Like everything else about his colorful life — which ended abruptly and violently in a hail of bullets on a Moscow street in early November — Shabtai von Kalmanovic’s large collection of Judaica has been both shrouded in mystery and subject to exaggeration.
There is no quick and easy way to describe Kalmanovic’s bizarre existence. He was at times both an agent of the Soviet KGB and the Israeli Shin Bet; he made his money under shady circumstances in apartheid-era South Africa; he recently transformed himself into a promoter of women’s basketball, and he was even once rumored to be romantically involved with Liza Minnelli. His end, Moscow police are speculating, came as a result of a business deal gone bad. Speaking on Russian television, a representative of the police team investigating the murder — which took place while Kalmanovic was in his car and stopped at a traffic light — reported that 19 bullets were found littered around the scene. “There’s no doubt this was a contract-style crime,” the policeman said.
Briefly mentioned in all the stories describing the strange life and death of the diminutive Russian oligarch was his beloved collection of Jewish art and religious objects. Housed in specially outfitted rooms in his office, the assortment of mostly 18th- and 19th-century Torah scrolls, mezuzas, menorahs and archival documents had been growing over the past 13 years. Kalmanovic was a proud collector, and he enjoyed escorting visitors past the glass display cases,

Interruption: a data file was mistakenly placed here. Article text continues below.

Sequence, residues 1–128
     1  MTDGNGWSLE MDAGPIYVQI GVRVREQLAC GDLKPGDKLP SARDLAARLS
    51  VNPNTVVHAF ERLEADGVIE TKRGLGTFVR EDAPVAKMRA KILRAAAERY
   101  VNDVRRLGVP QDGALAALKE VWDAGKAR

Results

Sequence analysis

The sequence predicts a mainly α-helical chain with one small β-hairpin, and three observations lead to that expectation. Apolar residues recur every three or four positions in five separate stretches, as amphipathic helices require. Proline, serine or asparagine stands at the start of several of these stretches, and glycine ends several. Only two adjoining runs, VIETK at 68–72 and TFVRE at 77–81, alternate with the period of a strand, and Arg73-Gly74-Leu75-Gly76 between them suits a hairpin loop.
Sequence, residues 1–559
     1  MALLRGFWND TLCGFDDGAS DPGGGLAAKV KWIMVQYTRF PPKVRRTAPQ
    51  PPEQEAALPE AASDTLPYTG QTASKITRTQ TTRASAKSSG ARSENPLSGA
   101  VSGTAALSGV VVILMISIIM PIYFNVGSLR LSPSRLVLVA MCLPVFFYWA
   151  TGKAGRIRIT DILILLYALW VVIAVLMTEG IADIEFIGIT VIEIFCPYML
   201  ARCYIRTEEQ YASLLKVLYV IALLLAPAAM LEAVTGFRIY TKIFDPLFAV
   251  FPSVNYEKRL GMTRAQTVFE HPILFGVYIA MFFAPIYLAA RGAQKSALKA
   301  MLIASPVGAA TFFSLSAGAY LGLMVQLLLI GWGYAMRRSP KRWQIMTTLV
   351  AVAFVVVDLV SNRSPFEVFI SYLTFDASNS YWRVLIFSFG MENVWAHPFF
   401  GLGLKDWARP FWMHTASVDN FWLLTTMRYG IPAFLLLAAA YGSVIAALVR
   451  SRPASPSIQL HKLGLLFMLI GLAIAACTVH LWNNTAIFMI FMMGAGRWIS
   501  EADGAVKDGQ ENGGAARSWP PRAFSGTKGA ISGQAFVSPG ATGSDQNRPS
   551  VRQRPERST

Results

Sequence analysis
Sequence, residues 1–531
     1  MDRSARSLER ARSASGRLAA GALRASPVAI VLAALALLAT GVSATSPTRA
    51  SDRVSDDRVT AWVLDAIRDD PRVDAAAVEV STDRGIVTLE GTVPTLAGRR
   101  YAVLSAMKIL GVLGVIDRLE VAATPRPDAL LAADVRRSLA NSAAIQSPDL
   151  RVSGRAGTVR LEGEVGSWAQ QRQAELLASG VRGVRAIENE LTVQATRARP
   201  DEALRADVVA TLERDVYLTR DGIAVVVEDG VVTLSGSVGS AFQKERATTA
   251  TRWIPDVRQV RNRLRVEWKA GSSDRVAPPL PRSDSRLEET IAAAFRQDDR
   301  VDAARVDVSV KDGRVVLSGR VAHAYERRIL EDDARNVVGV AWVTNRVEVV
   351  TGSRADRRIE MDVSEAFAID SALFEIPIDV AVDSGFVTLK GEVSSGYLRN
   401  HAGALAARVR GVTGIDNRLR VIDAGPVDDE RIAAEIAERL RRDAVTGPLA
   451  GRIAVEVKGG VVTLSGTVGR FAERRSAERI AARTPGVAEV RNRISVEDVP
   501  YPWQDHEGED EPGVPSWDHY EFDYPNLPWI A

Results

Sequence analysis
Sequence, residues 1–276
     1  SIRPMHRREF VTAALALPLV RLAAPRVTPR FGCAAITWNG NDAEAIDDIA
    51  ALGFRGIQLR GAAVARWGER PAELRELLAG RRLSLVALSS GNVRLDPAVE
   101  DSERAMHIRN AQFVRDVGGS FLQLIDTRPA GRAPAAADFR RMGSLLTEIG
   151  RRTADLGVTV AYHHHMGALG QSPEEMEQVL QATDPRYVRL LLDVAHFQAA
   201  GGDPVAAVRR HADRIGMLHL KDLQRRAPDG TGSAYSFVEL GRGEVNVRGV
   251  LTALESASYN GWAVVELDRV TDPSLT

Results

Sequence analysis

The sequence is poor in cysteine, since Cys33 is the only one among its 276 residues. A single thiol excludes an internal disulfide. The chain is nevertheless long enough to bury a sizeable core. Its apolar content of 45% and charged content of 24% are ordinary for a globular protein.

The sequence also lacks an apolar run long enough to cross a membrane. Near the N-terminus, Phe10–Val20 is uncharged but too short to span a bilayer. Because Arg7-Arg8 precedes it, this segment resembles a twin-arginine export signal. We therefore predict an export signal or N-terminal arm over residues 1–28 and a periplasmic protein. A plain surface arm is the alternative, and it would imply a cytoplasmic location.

telling the story of each object’s provenance. He also loved to boast about how much he had acquired. He even told a Los Angeles Times reporter that his was “the largest collection in Eastern Europe.”
That, it turns out, was an embellishment. In the wake of his violent death, though, there is interest in understanding what he did possess, especially as the Moscow Jewish community begins construction on what will be the largest Jewish museum in the world — a project that is slated for completion in 2011 and will include a wing of Judaica.
“Well, it was sort of a joke, but I think it was definitely [the] biggest in Moscow” Lidia Chakovskaya said in reference to Kalmanovic’s grandiose claims about his collection. Chakovskaya, who has overseen Kalmanovic’s collection for the past three years, is an Oxford-trained art historian who specializes in early Jewish art and works at the State Institute of Art History. “If you count books and documents and postcards and ritual silver, then you actually come to quite an impressive number,” she said.
Chakovskaya was vague when describing how Kalmanovic acquired his collection. In calls to the Sotheby’s auction house and the major American dealers of Judaica, not a single person had heard of Kalmanovic. “If his collection was significant, believe me, I would have heard of it,” said Jonathan Greenstein, a New York-based auctioneer of Judaica.
According to Chakovskaya, Kalmanovic bought many of his objects from others who brought them back from the West. He also acquired much of his collection, she said, from antique shops in Ukraine. His objective, she said, was never to have the most expensive objects.
“The idea of the collection was not to collect as many valuable things as possible, but to collect a collection as such, to make a precedent that there is a Judaica collection in Moscow,” Chakovskaya said.
The extent of Kalmanovic’s Judaica collection is notable in part because he was not particularly tied into Moscow’s Jewish community, according to local communal leaders.
Indeed, Kalmanovic was a collector of much more than Judaica: Other rooms in his offices were filled with Fabergé eggs, Soviet realist art and hand-carved chess sets from before the revolution.
Kalmanovic seems to have had a complicated relationship with his Jewishness. His collection was a sign that he embraced it to some degree. But there were other moments in his past when his actions toward other Jews could best be described as disdain.